videoFun ‘Why Am I The One’ by Jordan Bahat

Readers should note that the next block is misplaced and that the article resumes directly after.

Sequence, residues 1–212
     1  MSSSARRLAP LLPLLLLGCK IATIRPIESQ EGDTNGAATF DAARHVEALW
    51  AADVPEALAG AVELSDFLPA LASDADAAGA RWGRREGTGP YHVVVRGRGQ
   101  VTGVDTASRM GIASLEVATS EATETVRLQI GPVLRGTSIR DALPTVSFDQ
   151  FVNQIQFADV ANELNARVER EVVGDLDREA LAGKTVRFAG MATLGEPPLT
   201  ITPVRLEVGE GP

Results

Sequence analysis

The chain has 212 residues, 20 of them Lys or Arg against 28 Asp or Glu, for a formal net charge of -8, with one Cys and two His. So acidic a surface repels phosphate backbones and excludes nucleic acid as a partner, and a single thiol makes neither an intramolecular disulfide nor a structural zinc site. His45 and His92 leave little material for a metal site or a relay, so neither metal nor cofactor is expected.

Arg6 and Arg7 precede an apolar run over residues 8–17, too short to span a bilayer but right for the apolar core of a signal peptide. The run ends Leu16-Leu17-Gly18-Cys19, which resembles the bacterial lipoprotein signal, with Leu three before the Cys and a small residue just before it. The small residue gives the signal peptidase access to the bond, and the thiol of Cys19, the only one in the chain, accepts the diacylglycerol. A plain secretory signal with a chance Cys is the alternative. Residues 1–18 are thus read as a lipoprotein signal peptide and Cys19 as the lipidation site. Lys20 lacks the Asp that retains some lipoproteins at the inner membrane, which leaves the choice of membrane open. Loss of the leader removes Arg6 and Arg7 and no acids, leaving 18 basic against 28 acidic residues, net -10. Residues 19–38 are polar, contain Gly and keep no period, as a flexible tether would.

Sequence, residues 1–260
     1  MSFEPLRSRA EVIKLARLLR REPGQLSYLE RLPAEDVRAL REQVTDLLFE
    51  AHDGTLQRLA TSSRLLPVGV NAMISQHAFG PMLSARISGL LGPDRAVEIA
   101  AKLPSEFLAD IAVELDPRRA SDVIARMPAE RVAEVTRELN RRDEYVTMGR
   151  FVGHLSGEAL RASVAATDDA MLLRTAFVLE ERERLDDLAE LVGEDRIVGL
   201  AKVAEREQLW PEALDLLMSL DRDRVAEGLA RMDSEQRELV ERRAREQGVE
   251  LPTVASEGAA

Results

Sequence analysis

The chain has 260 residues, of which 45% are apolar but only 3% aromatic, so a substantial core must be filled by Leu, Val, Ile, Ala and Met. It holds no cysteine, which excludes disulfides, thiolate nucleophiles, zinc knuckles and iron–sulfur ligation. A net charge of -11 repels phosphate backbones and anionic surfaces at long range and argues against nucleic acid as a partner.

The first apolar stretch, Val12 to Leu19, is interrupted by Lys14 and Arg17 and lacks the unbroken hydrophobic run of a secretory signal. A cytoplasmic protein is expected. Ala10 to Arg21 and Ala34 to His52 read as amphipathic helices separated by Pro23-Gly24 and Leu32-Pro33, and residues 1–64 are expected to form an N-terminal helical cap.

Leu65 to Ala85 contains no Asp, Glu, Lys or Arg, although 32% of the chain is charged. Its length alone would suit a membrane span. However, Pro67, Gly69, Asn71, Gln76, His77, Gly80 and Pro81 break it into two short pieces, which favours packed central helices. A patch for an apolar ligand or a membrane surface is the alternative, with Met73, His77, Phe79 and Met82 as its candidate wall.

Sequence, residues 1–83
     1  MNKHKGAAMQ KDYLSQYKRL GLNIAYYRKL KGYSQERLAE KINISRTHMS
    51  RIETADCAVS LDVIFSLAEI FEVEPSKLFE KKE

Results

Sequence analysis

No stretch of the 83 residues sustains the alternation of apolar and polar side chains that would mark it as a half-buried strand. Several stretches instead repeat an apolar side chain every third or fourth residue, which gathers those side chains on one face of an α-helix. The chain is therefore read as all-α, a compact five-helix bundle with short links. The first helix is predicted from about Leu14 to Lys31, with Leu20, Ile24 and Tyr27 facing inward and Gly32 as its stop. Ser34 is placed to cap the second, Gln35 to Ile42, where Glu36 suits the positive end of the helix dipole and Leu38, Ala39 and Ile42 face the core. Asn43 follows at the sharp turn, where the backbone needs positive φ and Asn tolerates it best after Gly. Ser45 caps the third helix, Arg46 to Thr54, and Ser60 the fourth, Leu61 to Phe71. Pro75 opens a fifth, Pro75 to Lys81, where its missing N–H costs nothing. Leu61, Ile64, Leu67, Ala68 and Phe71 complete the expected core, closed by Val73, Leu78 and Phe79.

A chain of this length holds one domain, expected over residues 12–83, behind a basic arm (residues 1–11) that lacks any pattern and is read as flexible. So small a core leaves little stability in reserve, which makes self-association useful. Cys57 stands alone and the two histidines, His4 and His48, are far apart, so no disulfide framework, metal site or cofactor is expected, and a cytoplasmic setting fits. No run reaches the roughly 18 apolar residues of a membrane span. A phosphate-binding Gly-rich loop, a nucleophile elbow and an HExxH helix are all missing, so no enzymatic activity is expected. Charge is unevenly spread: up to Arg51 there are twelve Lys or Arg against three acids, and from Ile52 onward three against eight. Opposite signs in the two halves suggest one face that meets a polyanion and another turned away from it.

Jordan Bahat charts the journey of a suitcase which becomes separated from it’s owner – in this case US pop band Fun – in his excellent promo for Why Am I The One. Follow the case on it’s cinematic adventures – as the viewer gets emotionally involved – before being reunited with the band. Curiosity will almost certainly keep you watching till the end.“The band came with the idea of shooting a video about lost luggage” explains Jordan. “So I wanted to create an epic journey for this bag – but I also wanted the viewer to connect emotionally with the bag as if it were a character. As if, when they see the bag, they think of a lost dog or an orphan instead.“Amongst the crew we immediately named the bag Stanley. I wanted Stanley to have a face that we could identify, but that at the same time, I wanted the face to look accidental as if it were constructed by natural elements of the bag’s design and maybe some accumulated wear from travel. And also, the face needed to have a certain ambiguity so we could get gather different emotions from Stanley dependent on the environment or actions of the scene without having to actually change anything about the face. So when he’s trekking across America it’s as if he’s smiling with his hair waving in the wind. But when he’s in abandoned on a sidewalk with mud splattered across his face, it reads like a really pathetic scenario.“The scope of the video was also very important. I wanted Stanley to go on a kind of coming of age road-trip. One of the earlier designs for Stanley’s journey had him falling in love with another bag, witnessing the biker character having sex with a roadside prostitute, getting stabbed in mafia fight sequence…That would have been a different video I’m sure. But we went with that idea — that Stanley had to physically travel and see the world. Have his Eat, Pray, Love experience or something.“To actually shoot the video, we had a day with the band in Seattle based on their manic touring schedule. Then we came back to LA and shot the more localized stuff – the pawn shop and street sequences, the mafia sequence, etc. The last day of production was dedicated to the road trip montage which broke down into a 250 mile road trip around Southern California in order to capture coast, fields, desert and snow. Mark, the guy who played the biker in Seattle, actually came down to LA to carry on his role and shoot the road trip sequence. It was a lot of fun and a great way to cap off production. Anyway, a lot of running around for five and a half minutes”.